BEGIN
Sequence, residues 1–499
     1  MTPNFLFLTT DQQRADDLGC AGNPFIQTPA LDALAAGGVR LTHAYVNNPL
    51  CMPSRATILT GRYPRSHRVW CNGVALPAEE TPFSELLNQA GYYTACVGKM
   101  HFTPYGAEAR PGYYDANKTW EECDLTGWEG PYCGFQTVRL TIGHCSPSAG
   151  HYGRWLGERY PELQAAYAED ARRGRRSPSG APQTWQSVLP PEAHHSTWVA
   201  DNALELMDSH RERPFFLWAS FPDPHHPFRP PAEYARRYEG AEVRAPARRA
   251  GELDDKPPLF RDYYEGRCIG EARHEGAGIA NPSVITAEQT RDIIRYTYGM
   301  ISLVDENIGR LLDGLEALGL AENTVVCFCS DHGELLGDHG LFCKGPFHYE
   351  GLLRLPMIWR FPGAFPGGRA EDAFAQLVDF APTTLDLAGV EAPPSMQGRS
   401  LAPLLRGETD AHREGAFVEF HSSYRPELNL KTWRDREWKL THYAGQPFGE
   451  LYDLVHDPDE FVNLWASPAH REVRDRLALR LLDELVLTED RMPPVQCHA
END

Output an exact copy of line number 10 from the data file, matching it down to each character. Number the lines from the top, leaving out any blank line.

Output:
   401  LAPLLRGETD AHREGAFVEF HSSYRPELNL KTWRDREWKL THYAGQPFGE